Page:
When Apple Inc. first unveiled the iPad back in January, many detractors complained that, despite all of the hype, the device was little more than an oversized iPhone — except for the phone part. Even so, Apple managed to move some 300,000 iPads in the first few days of sales this week. Some estimates had it even higher. For those buyers, the iPad’s lack of telephone capabilities obviously did not matter.
Whether or not Apple’s iPad becomes another piece of disruptive technology remains to be seen; however, VoIP services vendor Truphone is upping the appeal of the device by offering an app that brings VoIP capabilities to the iPad.
Truphone is similar to Skype, Google Talk and other VoIP applications in that it uses the Internet to route phone calls, bypassing traditional phone lines. According to Truphone, all calls to other Truphone, Skype, or Google Talk users are free, while calls to a landline or mobile phone in the United States cost 5 cents per minute, or even less with a monthly plan.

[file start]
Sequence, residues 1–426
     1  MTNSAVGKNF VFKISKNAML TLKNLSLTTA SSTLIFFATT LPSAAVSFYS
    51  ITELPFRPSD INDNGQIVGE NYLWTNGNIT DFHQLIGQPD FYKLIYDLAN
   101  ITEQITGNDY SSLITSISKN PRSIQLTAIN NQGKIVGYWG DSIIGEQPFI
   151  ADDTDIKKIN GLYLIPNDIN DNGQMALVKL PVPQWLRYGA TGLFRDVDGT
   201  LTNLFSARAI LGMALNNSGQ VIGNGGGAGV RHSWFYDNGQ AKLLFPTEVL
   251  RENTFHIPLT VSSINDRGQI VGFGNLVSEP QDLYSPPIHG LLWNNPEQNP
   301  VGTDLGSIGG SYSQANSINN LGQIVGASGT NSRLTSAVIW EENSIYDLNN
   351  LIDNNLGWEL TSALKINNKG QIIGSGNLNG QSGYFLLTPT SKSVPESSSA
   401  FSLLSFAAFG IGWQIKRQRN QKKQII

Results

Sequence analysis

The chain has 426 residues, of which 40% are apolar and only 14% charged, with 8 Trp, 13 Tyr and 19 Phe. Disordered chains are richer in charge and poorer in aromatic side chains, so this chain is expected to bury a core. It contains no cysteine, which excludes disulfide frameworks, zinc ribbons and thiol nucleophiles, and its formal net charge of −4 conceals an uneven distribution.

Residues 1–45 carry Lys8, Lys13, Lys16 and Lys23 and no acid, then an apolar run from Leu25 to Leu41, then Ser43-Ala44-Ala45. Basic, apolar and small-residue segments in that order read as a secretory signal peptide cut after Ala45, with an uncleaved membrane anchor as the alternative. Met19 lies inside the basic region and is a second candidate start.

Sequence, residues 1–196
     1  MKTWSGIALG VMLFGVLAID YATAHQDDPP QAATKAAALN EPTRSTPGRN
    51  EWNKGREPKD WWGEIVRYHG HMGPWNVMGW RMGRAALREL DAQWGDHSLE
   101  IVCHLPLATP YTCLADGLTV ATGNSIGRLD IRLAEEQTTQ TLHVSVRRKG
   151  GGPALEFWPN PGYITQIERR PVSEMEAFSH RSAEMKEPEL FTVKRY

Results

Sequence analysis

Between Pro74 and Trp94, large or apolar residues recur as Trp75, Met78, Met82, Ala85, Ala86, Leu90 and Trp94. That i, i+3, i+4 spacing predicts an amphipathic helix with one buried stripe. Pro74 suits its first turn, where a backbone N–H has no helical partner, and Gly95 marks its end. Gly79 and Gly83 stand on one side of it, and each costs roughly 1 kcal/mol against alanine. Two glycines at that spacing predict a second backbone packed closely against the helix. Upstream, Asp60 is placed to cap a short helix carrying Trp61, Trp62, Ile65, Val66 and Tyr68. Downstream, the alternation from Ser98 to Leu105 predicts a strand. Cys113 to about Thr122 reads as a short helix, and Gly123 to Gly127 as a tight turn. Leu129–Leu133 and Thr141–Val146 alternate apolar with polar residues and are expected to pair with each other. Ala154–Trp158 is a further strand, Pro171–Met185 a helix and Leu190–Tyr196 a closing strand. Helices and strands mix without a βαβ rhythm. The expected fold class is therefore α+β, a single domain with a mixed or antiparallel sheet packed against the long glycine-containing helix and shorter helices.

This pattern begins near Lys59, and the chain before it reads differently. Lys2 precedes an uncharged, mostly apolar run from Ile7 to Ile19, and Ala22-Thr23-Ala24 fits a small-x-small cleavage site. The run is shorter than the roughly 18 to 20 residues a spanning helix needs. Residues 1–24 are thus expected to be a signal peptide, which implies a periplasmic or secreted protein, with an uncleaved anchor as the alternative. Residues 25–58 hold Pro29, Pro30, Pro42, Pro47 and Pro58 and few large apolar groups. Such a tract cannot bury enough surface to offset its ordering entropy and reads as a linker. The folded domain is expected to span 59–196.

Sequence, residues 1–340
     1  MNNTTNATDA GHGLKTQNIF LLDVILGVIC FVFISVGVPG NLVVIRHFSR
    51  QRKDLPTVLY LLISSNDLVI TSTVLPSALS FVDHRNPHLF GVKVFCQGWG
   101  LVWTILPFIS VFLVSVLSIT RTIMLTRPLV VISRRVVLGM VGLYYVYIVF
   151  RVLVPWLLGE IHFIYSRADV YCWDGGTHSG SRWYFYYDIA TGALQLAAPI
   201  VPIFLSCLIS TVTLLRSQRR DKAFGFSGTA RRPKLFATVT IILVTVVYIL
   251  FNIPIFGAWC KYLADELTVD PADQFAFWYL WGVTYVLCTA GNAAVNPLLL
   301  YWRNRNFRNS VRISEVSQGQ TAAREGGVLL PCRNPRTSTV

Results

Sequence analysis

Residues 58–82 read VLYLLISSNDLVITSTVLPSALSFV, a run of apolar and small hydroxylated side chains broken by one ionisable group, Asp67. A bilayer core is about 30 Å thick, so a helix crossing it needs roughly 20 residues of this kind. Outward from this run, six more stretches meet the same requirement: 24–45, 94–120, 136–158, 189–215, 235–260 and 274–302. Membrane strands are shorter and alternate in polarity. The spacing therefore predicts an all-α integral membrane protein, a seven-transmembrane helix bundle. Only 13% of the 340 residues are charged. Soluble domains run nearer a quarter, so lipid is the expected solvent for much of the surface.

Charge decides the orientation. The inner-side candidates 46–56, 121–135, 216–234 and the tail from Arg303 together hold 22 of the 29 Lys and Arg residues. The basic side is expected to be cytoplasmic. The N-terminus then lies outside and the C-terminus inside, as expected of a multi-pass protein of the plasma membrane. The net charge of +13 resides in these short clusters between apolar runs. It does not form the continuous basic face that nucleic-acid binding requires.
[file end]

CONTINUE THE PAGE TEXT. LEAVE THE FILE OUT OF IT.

While the concept behind Truphone proves appealing, in practice users may find the using the iPad as a phone a bit ridiculous, unless of course they use a wired or Bluetooth headset. In that case, the iPad might prove to be the next piece of killer technology for businesses both large and small.
For solution providers, the iPad-Truphone combination could create some new opportunities, especially in vertical markets that leverage mobility and tablet technologies, such as insurance companies, medical practices and shipping organizations. Offering a solution that combines mobile computing with unified communications and the ability to process forms or take notes may change how people interact with technology and could bring worthwhile margins and service opportunities to aggressive solution providers.